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Egypt, America, and the Muslim Brotherhood?

2:00 PM, Jan 31, 2011 • By MICHAEL WEISS
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Opposed to the complacent commentaries, the excellent Iranian historian Abbas Milani has remarked on how Obama is missing his one chance to win the sympathy of the secular and liberal Egyptian masses—just as Jimmy Carter missed his in Iran in 1979. The Ayatollah Khomeini, too, tricked himself out in public as a big-tent liberal democrat, all the while plotting his theocratic coup. “More than once he promised that not a single cleric would hold a position of power in the future government,” Milani writes in the New Republic. “But once in power, he created the current clerical despotism. And when, in June 2009, three million people took to the streets of Tehran to protest decades of oppression, they were brutally suppressed.”

The fact that the Brotherhood have held back so far, not taking charge of the demonstrations or even issuing pamphlets, may be an encouraging sign. Ditto their appointment of Mohamed ElBaradei as the united opposition’s spokesman, a choice that, according to the New York Times, the Brotherhood took to present the least frightening, least Islamist face to the West.  However, these gestures can also be read as the tactical cunning of a disciplined militant group. Scholars of totalitarianism used to call such force-marshaling periods of quiet ones of “terror-in-reserve.”

Indeed, the Brotherhood is very likely waiting to see if Mubarak can hang on a bit longer or whether the United States will come to his last-minute rescue. The Egyptians, for their part, have already taken their revolt too far.  The Washington Post reported yesterday that Tahrir Square, the seat of Cairo’s unrest, saw a joint action of protestors and soldiers working together to halt the entrance of two Interior Ministry vehicles:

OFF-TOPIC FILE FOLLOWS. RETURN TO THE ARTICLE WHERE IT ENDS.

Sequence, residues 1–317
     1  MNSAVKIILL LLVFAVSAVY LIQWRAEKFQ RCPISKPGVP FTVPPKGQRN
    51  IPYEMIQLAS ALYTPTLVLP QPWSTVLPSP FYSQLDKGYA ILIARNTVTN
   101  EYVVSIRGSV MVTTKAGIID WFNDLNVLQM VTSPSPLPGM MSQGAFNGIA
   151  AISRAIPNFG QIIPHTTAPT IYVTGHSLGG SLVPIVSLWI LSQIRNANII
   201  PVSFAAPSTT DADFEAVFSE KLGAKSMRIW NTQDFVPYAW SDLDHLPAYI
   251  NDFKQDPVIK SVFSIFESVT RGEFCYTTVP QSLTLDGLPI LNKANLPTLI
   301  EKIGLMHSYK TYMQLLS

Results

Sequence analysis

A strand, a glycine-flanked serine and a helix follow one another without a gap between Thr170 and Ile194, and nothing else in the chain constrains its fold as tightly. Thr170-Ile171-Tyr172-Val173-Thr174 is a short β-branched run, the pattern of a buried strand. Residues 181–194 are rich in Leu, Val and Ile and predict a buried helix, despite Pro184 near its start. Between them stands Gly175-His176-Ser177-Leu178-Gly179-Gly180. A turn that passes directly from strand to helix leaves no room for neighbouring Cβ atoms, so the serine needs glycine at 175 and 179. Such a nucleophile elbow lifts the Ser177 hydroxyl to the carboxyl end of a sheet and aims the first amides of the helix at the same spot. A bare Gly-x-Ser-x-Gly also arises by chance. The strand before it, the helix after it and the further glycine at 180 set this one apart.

A tank commander then scaled his vehicle and announced to the crowd that the Interior Ministry, which operates the nation's police force, had deployed thousands of armed men who were bent on sowing chaos in Egypt.

The army, he said, “would stand with the people.”

We don’t need Al Jazeera or even Michael Corleone in Havana to tell us what this means:

Along with shouts of “Down with the police!” was heard oftener and  oftener a “Hurrah!” addressed to the Cossacks. That was significant. Toward the police the crowd showed ferocious hatred. They routed the mounted police with whistles, stones, and pieces of ice. In a totally different way the workers approached the soldiers. Around the barracks, sentinels, patrols and lines of soldiers stood groups of working men and women exchanging friendly words with the army men. This was a new stage, due to the growth of the strike and the personal meeting of the worker with the army. Such a stage is inevitable in every revolution. But it always seems new, and does in fact occur differently every time: those who have read and written about it do not recognize the thing when they see it.

So wrote Leon Trotsky, in 1930, of the February Revolution of 1917—when the czarist gendarmerie were also scorned as “pharaohs.” In April, Lenin returned to a hero’s welcome in St. Petersburg. In October, the Bolsheviks seized the Kremlin without a shot being fired.

Michael Weiss is the executive director of Just Journalism, a London-based think tank that monitors the British media's coverage of Israel and the Middle East. 

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